Payments via Facebook Messenger are now available to users in the U.K. (in pounds) and France (in Euros).
The social network also announced that suggestions from M, its virtual digital assistant, are available for the first time ever in France and for payments-related tasks in the U.K.
This week’s launch marks the first expansion of Messenger peer-to-peer payments outside of the U.S., and the features will be rolled out to all users in those two countries “in the coming weeks.”
Facebook provided the following instructions for sending payments via Messenger in a blog post:
To send money:
- Start a message with a friend.
- Tap the blue + icon, and then tap the green Payments icon.
- Set up your payment account (only the first time) and then enter the amount you want to send.
- Tap Pay, and then add your debit card.
- Watch the amount of money you sent rain down on the screen.
To receive money:
- Open the conversation from your friend.
- Tap Add Card in the message, add your debit card and set up your payment account to accept money for the first time.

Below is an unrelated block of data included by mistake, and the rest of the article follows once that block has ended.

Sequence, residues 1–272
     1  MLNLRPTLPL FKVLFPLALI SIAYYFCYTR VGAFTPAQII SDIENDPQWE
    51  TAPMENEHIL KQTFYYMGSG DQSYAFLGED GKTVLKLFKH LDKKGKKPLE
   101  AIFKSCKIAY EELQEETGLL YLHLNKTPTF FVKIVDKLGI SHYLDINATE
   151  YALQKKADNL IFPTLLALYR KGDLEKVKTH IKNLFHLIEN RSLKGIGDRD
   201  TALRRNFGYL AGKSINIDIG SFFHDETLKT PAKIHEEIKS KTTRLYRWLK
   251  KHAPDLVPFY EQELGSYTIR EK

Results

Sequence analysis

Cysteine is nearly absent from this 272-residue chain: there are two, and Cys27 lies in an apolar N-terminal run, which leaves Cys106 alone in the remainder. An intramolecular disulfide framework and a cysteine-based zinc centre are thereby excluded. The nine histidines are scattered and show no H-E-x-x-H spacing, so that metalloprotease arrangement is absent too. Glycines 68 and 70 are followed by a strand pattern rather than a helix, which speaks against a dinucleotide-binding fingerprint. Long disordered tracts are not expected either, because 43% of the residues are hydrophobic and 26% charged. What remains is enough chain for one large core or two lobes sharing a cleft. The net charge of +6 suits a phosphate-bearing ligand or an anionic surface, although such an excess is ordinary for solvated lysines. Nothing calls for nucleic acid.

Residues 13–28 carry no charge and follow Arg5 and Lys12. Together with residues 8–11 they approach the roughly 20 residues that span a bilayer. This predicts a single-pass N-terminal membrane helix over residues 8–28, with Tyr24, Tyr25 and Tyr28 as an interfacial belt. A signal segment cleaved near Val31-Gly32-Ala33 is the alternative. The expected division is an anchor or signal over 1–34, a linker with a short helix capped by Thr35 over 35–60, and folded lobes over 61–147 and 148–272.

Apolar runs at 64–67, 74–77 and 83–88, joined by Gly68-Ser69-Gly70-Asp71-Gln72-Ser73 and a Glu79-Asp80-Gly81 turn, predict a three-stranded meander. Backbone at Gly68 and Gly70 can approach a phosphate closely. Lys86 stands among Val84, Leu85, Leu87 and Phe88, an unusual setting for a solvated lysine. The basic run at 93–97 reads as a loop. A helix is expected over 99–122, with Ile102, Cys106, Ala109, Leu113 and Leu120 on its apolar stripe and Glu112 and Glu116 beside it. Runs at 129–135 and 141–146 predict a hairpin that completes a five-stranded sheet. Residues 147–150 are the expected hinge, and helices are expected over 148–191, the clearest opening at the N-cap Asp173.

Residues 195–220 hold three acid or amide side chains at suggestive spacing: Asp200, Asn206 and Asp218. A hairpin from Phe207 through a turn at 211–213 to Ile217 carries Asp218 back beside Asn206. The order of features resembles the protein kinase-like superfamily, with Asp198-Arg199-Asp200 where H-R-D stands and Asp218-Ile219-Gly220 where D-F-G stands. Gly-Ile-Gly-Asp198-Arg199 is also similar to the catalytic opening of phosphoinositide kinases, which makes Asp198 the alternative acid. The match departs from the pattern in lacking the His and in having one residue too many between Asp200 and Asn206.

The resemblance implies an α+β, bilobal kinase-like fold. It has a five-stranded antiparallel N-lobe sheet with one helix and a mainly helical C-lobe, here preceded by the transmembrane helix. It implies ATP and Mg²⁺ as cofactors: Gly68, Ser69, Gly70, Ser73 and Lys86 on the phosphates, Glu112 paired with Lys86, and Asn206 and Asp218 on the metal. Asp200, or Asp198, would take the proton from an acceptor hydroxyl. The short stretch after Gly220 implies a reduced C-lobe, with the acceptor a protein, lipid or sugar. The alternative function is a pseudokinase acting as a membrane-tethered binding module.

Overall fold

- The money you send is transferred right away. It may take one to three business days to make the money available to the recipient, depending on their bank, just as it does with other deposits.
The social network added in its blog post, “We asked people in France and the U.K. when they wished they could send money to someone in the moment. The top reasons for sending money include celebrations, social events and festive occasions. It’s those everyday moments we’re trying to make a little easier. We’ve seen that in the U.S., most people use payments in Messenger to send less than $50 at a time, and sending money in Messenger has become a part of everyday life for many.”
Facebook also reassured users about security, writing, “Messenger uses people’s authentic identities so you know who you’re talking to. And when it comes to payments, we take extra steps for your protection: All debit card credentials are encrypted and protected with bank-level security, our world-class anti-fraud specialists monitor payments and, in the rare case that we find unauthorized activity on your account, we’ll work with you to secure your account again. Plus, since payments in Messenger use debit cards, as with any other debit-card payment, if you see unauthorized charges, you have recourse with your bank. Finally, Messenger payments are offered as a regulated payment service, meaning that they’re directly subject to consumer protection requirements.”
Finally, users in France can now tap suggestions from M not only for help with payments, but also for assistance in choosing stickers, sharing location, starting polls in group conversations or expressing birthday wishes.